My love for blueberry muffins dates back from the first time I stepped out of the beloved continent Africa in September 2009. Hong Kong has always had a way for me being my first over seas destination. It wasn't long before Starbucks came calling and wow served warm and fresh. It was definitely the biggest muffin I had ever seen. It seemed like it was staring at me, only that it looked way more delicious than I could care. Thinking that this was a delicacy only to experience on these such trips, each time it has become like some kind of ritual whenever I travel. Only that this time,it has just gotten a little more interesting.
I am currently in Hanover at Dartmouth college Hanover NH USA as part of the annual Mandela Washington Fellowship YALI. A President Obama initiative aimed at re-positioning young African leaders with potential to to become influential right from the grassroots with purpose driven actions that empower communities through Business, Civil Society and Public Management.
It's been three weeks and believe me there can never be a better program like this one. We are twenty five at Dartmouth college from seventeen countries and we all had a weekend with local families as a home stay session meant to expose us more to the American culture. This gave me a chance to go blueberry picking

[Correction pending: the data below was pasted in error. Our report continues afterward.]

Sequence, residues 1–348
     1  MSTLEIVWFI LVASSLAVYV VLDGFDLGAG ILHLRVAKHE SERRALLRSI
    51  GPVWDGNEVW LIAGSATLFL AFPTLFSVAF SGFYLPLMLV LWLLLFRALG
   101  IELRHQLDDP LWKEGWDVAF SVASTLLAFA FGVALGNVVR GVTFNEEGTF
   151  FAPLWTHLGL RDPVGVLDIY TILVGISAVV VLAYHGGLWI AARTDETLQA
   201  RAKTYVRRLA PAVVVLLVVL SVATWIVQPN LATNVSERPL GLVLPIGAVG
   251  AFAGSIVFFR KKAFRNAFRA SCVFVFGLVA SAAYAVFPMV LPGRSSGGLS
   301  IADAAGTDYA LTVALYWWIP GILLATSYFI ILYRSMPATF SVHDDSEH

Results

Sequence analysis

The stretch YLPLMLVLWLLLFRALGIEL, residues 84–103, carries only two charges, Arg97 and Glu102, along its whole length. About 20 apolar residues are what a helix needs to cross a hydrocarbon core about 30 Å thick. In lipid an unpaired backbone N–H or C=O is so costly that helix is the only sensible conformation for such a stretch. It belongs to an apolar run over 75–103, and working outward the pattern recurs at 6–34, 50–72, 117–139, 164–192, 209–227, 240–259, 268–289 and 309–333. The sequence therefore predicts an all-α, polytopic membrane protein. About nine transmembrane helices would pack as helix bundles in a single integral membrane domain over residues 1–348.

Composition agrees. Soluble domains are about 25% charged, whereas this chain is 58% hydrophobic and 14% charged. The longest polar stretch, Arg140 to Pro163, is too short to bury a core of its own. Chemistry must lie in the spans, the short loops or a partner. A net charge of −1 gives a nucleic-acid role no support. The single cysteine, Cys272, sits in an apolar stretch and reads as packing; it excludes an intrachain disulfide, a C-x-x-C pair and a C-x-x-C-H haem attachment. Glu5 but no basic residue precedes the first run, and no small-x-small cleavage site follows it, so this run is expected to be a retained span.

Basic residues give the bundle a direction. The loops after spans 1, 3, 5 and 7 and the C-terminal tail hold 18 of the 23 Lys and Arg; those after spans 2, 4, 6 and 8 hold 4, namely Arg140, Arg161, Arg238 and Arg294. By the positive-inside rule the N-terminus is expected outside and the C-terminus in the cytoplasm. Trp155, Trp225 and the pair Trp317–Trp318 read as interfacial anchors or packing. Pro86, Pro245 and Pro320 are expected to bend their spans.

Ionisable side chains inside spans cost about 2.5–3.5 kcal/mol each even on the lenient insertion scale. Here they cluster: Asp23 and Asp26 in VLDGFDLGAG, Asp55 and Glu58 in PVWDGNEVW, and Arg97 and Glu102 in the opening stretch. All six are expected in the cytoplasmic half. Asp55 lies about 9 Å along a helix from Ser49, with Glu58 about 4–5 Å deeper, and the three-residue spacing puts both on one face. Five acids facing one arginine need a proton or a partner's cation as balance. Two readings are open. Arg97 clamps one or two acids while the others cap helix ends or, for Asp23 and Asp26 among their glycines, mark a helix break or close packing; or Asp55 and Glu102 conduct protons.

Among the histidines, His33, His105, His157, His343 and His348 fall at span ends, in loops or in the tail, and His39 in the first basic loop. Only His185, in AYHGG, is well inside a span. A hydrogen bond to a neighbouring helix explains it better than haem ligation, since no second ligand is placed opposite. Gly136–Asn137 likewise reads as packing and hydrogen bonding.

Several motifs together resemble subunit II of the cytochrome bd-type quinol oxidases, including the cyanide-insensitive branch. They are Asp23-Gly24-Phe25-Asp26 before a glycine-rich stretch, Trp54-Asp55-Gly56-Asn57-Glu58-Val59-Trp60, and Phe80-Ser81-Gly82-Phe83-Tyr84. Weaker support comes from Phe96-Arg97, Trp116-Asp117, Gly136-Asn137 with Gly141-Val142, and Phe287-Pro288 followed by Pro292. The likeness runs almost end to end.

Coming from Uganda, we sure do have our fair share of the fruits.
I mean talk of the tastiest Pineapples, Mangoes you name it. Blueberries though, are native to North America and only come second to strawberries in popularity here in the USA.
I was in my zone, my little world face to face with the real reason these special muffins get their identity. It was more than a chance to pick fresh fruit. It was an experience that stirred my imagination. I was now in sync with what made this particular delicacy matter. This leadership fellowship is testing me to the core and looking from the American perspective and culture, it is clear that the nations we admire as Africans have consistently celebrated such moments like Blueberry picking. I wasn't alone in the field, the pleasure of three more family members that hosted me for two nights two teenage boys Fin and Mark, Their dad Paul and Liz happily did the same and making sure I was enjoying it just as much as they did. The passion, unity with each of us filling up our containers with these lovely fruits made me to think. Does it matter how much we all pick? At the end of the day, we bring all of it together proud in the knowledge that this united us and without it may be my next Blueberry Muffin wouldn't test the same.